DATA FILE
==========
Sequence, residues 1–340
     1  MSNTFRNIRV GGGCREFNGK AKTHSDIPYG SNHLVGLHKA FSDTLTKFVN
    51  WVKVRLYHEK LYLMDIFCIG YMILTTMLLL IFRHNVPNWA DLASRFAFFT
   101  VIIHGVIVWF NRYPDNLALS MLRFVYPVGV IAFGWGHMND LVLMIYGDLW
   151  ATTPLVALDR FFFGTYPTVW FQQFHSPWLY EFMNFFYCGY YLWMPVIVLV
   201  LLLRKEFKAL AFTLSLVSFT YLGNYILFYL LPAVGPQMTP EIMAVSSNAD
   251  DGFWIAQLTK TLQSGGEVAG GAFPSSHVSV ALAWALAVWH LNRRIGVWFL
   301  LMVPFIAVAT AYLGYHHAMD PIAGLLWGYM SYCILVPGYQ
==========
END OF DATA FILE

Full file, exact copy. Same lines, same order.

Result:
Sequence, residues 1–340
     1  MSNTFRNIRV GGGCREFNGK AKTHSDIPYG SNHLVGLHKA FSDTLTKFVN
    51  WVKVRLYHEK LYLMDIFCIG YMILTTMLLL IFRHNVPNWA DLASRFAFFT
   101  VIIHGVIVWF NRYPDNLALS MLRFVYPVGV IAFGWGHMND LVLMIYGDLW
   151  ATTPLVALDR FFFGTYPTVW FQQFHSPWLY EFMNFFYCGY YLWMPVIVLV
   201  LLLRKEFKAL AFTLSLVSFT YLGNYILFYL LPAVGPQMTP EIMAVSSNAD
   251  DGFWIAQLTK TLQSGGEVAG GAFPSSHVSV ALAWALAVWH LNRRIGVWFL
   301  LMVPFIAVAT AYLGYHHAMD PIAGLLWGYM SYCILVPGYQ